Because Africa’s technology sector is advancing, more people now rely on digital tools to manage their finances, communicate with others, and take care of their daily needs. But with this increased dependence on digital services comes a growing threat: digital fraud.

Digital fraud is rising in Africa, and the numbers are staggering. According to a report by Smile Identity, a Pan-African digital ID verification firm, digital fraud in Africa reached a new high in 2022, with rates up 28%. The data, based on 50 million KYC checks across African countries and businesses, proves the rise of fraud.

Smile Identity’s report is not in isolation. Another survey from last year showed that nearly half of South Africa’s insurance companies could not cope with rising cases of email phishing, while banks struggled to combat spoofing attacks. South Africa alone is losing $127 million a year to cybercrime. According to Interpol’s Africa Cyberthreat Assessment Report, over 90% of businesses on the continent are vulnerable to digital fraud.

Even though fraud rates decreased slightly in the latter half of 2022, scammers are still finding ways to exploit changes in consumer behaviour during the pandemic, such as increased reliance on passwords and OTPs, and more bank-to-mobile transactions.

According to the report, private Telegram channels, WhatsApp groups and hacker websites are spreading new tactics for scammers to make more money. The pandemic has also led to a surge in fraud, as many African workers moved to remote work setups. The study found that many companies need a better understanding of remote user verification. But, more African firms are using face recognition tech and biometrics to quickly identify and onboard people online.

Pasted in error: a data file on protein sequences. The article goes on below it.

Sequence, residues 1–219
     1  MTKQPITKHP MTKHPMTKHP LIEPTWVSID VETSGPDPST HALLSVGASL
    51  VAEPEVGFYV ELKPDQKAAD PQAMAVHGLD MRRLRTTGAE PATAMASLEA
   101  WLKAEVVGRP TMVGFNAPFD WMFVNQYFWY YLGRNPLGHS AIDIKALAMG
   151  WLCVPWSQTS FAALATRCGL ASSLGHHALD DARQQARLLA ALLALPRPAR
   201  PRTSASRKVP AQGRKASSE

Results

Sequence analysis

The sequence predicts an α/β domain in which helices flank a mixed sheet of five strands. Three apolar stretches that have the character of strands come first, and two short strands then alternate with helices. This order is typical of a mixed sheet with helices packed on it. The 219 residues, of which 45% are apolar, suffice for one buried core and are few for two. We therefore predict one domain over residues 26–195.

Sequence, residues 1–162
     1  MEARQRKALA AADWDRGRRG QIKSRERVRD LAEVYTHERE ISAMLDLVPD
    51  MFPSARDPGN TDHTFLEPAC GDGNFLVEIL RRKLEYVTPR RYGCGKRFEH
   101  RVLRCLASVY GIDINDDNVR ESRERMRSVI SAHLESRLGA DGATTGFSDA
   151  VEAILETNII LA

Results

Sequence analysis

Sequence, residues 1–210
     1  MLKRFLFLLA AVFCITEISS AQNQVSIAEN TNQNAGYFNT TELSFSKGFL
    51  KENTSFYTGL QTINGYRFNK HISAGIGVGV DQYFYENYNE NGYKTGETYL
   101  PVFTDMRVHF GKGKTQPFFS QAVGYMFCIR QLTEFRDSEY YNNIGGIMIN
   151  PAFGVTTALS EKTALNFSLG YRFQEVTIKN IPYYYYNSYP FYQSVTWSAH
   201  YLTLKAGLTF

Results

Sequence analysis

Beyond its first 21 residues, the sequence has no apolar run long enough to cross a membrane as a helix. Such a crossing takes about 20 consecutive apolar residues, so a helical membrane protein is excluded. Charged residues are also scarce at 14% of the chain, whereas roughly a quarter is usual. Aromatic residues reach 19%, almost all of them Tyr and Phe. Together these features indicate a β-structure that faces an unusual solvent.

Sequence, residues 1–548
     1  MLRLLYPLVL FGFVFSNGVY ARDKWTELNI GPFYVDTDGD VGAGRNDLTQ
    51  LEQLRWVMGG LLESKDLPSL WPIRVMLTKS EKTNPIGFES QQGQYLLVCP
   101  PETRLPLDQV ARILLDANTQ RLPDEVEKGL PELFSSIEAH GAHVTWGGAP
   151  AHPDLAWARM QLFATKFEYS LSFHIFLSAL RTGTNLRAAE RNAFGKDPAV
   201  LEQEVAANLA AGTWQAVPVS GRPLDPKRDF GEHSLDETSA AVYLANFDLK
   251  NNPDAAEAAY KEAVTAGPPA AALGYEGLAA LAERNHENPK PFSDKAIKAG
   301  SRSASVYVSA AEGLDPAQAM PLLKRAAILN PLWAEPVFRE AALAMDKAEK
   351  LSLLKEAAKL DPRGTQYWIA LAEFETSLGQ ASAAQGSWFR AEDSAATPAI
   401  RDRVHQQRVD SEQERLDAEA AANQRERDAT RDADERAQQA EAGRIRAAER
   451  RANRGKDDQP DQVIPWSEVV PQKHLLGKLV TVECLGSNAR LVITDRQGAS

The report believes that local ID databases are the best source of truth for KYC, but frequent downtime is a major issue. Document verification is suggested as a reliable backup to maintain services and expand to multiple international markets. The company sees Africa’s drive towards digital identity as key to unlocking the continent’s economic potential and creating growth and prosperity. For example, 94 million Nigerians have already registered their biometrics as part of the National Identification Number (NIN). Other African countries, such as Kenya and Uganda, are also implementing similar digital ID programs.

Smile Identity’s research shows that biometric KYC checks are more effective at identifying fraud than text-only KYC, which misses 50% of fraud incidents. The company believes that combining biometrics with ID verification is the best approach for preventing ID fraud. Their ID verification system for KYC has helped crypto platforms experience 46% less fraud than other industries.

The rise of the Buy Now Pay Later (BNPL) sector has also opened up new opportunities for fraud. Bad actors can exploit credit scores and commit account takeovers without transacting. The major types of fraud identified in the study include synthetic fraud, duplicate accounts, selfie “spoofs”, stolen ID information and more. Synthetic fraud involves using computer algorithms to create fake face images that resemble real individuals and then combining this fake biometric information with legitimate textual KYC information to commit fraud.

Africa is making significant moves to secure people from digital fraud. For instance, last year, the United Nations Economic Commission for Africa (UNECA) partnered with the Togolese government to build Africa’s first regional cybersecurity research centre. However, there is still plenty of work to do.

Elsewhere on Ventures

Triangle arrow